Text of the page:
What steps do merchants need to take now to ensure compliance with SCA in time for the enforcement deadline?

By Natasja Bolton, strategic partner support/engagement manager at Sysnet

With the deadline extension to PSD2’s Strong Customer Authentication (SCA) well underway, there are steps that merchants must take so they can support SCA across their online and mobile commerce channels as SCA starts to be enforced by Account Servicing Payment Service Providers ASPSPs and card issuers. While card acquirers do have a big role to play in helping merchants get ready, the merchants are ultimately responsible for the readiness of their own payment acceptance methods and systems. 

What do merchants need to do? 

There is relief in knowing that the industry is actively trying to avoid negatively impacting customers as a result of the rollout of the European Banking Authority (EBA)’s Regulatory Technical Standards (RTS) and its mandated requirement of SCA for remote electronic payment transactions.  Merchants need to take action now to make sure they also are not negatively impacted; they need to be able to support SCA to minimise ASPSP/issuer declines of transactions. While the revised SCA enforcement deadline for these regulated firms is 31st December 2020 (pushed back even further to 14th September 2021 in the UK), merchants need to be aware and take advantage of the fact that card issuer SCA is also being driven by card scheme mandates.  

One of the reasons the original September 2019 SCA enforcement deadline was postponed was that in summer 2019 many EEA card issuers were still not ready to support 3D Secure 2 (EMV 3DS).  Now however, the card schemes have aligned their mandates with the revised SCA deadline to ensure EEA issuers are ready well in advance of December 2020.  Both Visa and Mastercard’s EMV 3DS issuer mandates have now passed for all regions except Visa U.S (August 2020).  For merchants this means that, if they implement EMV 3DS solutions for all online channels (including mcommerce and in-app payments), they can immediately commence making EMV 3DS authentication attempts to the card issuer and benefit from the fraud liability shift.  Merchants should note that, until the US EMV 3DS activation mandate passes, they will need to be able to fall back to 3D Secure 1 authentication to get fraud liability shift from a US issuer that still only supports 3D Secure 1.

Merchants need to remain (or get) engaged with their Payment Service Provider (PSP).  Merchants need to make sure they have implemented support for EMV 3DS and, if they offer direct from account payment methods, support integration with the ASPSP’s SCA method.  Merchants should also discuss with their PSP how they can best take advantage of SCA exemptions – such as the Transactional Risk Analysis (TRA) exemption where there may be an option to and a benefit in the merchant taking on risk analysis from their acquirer (‘delegated authority’).  Merchants may want to consider performing their own risk/fraud monitoring before submitting transactions as this helps minimise the number of fraud attempts being passed to the acquirer and issuers, helping to keep fraud rates low. Working with the acquirer to minimise fraud can help maximise the number of transactions for which the acquirer can apply the TRA SCA exemption.  Acquirers with the lowest overall fraud rate can apply the TRA Exemption for the highest value transactions, for example an acquirer with a reference fraud rate 0.01% and below can apply for the TRA exemption for transactions up to €500.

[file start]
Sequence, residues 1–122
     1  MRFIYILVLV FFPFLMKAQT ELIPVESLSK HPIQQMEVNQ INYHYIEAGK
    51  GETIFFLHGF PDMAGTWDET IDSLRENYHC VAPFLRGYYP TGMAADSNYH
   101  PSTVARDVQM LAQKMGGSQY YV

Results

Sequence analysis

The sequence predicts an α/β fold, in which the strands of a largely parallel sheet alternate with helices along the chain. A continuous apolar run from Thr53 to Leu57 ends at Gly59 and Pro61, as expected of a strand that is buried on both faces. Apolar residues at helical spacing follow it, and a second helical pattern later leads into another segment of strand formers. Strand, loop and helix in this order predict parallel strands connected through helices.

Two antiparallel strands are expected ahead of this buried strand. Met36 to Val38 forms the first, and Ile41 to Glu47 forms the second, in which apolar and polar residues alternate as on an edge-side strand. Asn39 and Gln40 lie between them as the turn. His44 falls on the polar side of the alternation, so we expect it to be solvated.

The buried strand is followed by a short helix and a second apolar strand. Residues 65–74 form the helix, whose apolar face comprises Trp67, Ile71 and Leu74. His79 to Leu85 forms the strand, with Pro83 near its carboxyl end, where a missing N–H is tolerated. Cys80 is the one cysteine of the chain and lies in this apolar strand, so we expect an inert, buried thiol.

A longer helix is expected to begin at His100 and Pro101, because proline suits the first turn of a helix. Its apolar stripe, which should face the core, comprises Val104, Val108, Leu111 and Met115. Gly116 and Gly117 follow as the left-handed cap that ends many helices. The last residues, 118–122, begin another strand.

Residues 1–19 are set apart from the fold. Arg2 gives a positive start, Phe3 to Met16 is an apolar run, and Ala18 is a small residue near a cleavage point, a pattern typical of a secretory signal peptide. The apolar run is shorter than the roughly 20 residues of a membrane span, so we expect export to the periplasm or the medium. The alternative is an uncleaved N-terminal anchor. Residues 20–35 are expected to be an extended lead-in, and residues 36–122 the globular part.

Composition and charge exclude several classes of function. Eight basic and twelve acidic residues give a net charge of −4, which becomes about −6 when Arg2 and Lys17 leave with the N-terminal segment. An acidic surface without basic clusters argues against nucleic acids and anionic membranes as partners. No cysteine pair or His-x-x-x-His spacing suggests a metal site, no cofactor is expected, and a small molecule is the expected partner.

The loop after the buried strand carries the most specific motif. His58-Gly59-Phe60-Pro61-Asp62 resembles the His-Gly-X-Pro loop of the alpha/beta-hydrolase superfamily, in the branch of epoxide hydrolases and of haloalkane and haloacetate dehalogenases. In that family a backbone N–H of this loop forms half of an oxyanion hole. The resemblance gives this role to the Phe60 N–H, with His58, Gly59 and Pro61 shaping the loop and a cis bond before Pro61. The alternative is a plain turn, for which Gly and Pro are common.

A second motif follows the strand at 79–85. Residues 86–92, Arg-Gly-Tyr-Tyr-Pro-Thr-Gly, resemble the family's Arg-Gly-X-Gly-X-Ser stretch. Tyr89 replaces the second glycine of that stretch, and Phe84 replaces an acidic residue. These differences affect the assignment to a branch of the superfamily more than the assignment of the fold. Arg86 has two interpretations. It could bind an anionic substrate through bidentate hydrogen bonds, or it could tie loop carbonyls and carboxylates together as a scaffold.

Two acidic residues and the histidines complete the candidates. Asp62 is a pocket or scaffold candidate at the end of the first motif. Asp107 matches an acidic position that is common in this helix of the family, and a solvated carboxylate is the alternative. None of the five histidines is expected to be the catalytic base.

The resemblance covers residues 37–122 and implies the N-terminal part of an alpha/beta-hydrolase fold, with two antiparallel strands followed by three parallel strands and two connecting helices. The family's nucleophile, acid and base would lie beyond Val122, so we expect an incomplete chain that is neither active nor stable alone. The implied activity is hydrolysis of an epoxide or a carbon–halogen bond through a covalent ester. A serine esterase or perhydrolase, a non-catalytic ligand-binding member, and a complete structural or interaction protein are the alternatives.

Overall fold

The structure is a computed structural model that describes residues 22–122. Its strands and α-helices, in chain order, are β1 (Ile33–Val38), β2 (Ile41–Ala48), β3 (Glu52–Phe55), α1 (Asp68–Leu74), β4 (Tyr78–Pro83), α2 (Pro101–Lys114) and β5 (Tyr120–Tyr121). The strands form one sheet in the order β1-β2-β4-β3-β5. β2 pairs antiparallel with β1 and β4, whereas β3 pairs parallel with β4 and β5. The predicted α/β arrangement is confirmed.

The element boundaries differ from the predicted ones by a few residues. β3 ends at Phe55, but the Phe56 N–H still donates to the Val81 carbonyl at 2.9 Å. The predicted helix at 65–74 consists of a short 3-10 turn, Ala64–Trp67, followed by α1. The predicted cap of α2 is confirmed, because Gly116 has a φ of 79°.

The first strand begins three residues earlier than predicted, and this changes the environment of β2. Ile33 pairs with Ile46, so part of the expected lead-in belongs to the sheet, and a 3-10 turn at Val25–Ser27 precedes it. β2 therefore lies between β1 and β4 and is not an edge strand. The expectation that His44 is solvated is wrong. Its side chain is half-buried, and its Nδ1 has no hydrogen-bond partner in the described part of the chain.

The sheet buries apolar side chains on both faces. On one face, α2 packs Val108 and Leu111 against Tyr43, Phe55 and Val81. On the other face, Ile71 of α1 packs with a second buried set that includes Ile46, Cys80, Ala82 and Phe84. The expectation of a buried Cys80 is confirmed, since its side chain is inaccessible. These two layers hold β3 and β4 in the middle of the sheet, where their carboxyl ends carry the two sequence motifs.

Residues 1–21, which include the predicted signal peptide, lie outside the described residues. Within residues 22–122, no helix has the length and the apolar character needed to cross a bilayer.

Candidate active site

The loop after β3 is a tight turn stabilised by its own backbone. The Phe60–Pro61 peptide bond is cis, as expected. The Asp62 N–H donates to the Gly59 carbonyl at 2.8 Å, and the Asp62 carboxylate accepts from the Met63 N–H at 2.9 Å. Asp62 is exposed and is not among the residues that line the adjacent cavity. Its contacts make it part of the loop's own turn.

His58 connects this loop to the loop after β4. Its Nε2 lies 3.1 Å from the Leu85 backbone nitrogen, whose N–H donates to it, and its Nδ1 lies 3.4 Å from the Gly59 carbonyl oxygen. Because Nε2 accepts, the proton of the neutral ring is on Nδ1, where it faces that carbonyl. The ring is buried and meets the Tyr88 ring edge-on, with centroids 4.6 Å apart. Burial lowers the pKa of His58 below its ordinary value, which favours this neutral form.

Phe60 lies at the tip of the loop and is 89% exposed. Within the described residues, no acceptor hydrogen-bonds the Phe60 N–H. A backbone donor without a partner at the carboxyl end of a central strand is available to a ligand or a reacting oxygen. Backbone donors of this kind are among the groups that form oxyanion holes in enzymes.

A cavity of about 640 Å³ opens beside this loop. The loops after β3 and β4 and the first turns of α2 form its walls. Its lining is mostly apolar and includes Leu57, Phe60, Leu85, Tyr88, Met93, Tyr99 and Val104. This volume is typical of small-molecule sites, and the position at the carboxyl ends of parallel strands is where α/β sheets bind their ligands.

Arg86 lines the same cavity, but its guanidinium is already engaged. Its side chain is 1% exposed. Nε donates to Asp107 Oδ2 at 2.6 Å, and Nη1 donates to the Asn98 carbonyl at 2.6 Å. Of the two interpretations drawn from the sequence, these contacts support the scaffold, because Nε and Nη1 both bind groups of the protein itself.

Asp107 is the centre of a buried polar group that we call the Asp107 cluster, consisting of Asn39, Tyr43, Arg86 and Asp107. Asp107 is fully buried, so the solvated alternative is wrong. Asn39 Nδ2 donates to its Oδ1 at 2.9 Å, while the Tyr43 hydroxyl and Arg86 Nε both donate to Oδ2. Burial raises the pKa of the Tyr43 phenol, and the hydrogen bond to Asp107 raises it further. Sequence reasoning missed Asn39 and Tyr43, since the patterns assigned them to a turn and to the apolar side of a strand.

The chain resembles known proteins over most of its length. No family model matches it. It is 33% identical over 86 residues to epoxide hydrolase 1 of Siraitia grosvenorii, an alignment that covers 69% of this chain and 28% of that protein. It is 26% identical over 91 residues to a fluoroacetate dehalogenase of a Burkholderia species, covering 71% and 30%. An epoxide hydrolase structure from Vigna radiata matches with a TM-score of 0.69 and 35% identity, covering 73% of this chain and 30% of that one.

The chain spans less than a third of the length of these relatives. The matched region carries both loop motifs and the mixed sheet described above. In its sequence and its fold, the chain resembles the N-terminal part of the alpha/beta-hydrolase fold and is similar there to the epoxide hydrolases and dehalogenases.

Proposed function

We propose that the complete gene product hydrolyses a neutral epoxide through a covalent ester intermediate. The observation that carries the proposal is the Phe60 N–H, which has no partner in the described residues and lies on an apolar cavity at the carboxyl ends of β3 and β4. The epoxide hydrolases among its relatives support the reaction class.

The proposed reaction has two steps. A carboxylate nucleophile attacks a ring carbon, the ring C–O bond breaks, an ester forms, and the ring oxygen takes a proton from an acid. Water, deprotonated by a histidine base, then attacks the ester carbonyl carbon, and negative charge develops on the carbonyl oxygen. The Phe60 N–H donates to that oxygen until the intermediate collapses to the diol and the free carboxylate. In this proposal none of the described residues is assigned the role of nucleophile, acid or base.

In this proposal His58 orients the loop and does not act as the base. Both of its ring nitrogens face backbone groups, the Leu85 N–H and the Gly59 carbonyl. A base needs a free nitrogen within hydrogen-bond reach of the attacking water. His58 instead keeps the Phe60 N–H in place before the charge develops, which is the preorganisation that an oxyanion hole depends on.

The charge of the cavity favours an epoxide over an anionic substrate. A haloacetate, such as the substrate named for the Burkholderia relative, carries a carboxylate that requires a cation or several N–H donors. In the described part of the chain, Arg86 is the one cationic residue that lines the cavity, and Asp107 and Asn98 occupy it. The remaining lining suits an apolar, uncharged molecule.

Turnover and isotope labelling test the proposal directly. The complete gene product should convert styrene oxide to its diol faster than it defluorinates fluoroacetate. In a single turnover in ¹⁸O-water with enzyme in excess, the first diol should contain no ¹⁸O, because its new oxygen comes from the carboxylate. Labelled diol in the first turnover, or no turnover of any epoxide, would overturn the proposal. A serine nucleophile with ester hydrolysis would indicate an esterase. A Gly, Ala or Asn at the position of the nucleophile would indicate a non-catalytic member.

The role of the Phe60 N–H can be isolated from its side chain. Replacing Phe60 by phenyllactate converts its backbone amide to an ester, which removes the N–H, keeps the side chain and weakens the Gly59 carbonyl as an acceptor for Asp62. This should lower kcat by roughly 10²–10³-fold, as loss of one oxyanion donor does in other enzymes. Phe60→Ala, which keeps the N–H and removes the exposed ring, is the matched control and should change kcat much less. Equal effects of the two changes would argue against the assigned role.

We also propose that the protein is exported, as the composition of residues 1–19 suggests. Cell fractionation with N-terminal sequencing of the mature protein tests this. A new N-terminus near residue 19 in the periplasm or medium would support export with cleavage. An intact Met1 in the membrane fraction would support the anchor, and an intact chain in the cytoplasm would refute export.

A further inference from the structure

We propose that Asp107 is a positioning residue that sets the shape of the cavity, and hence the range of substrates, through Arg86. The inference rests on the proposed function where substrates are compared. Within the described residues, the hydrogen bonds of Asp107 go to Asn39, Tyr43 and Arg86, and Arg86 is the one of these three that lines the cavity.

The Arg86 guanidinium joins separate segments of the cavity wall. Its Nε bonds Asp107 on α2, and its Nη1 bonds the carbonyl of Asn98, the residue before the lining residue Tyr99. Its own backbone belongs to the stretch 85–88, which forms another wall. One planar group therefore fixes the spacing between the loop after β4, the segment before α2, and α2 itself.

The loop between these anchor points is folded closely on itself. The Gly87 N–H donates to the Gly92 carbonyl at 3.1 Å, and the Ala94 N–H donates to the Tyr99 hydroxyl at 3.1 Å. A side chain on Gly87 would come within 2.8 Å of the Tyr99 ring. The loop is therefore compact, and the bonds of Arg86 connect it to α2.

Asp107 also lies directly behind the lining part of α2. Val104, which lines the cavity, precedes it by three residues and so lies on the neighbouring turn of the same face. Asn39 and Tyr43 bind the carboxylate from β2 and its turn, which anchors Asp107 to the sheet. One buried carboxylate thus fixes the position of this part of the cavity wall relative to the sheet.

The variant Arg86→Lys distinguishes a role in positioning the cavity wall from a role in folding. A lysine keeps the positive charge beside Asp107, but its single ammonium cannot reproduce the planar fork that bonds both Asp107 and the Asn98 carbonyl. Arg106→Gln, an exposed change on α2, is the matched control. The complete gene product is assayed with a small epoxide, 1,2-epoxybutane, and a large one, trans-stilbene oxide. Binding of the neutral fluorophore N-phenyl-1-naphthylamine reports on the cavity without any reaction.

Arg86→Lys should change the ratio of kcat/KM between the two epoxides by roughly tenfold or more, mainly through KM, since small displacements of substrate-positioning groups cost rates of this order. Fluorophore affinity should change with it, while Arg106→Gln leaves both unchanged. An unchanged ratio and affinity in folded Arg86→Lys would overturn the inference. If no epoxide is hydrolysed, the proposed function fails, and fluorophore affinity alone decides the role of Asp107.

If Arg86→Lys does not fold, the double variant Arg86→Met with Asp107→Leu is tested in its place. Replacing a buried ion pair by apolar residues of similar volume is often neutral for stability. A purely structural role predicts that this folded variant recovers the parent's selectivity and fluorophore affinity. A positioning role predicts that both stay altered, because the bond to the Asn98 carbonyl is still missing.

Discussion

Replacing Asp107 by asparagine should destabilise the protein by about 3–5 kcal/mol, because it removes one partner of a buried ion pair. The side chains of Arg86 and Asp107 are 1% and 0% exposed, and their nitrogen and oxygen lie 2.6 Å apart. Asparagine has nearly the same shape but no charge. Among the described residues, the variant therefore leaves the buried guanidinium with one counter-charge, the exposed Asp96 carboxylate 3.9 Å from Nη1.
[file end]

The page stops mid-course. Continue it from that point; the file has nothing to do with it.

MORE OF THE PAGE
Given the potential impact of SCA on the consumer’s checkout experience and the potential for SCA to increase the rate of cart abandonment, merchants should consider whether their payments model could be amended to allow them and their customers to take advantage of the recurring payments SCA exemption or the fact that merchant-initiated transactions (MIT) are out of scope.  For example, once an agreement for future payments is established with the customer (using SCA), all subsequent payments under that agreement are triggered by the merchant and flagged as MIT.  There is no need for SCA and no risk of abandonment as the merchant has already established the consumer commitment to purchase.

Merchants can also learn from industry developments and watch out for the availability of trusted beneficiary whitelisting to consumers. Issuer SCA implementations will start to offer the consumer the choice to whitelist the merchant as a Trusted Beneficiary (e.g. as a checkbox option during the authentication step).  Acquirers may be able to register their merchants on Visa’s Trusted Listing programme which may help them get on their customers’ Trusted Beneficiary whitelist.  Once whitelisted, subsequent consumer payments to the whitelisted merchant are exempt from SCA; although the ASPSP/issuer still has the right to require SCA.

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Author: Eleanor Hazelton

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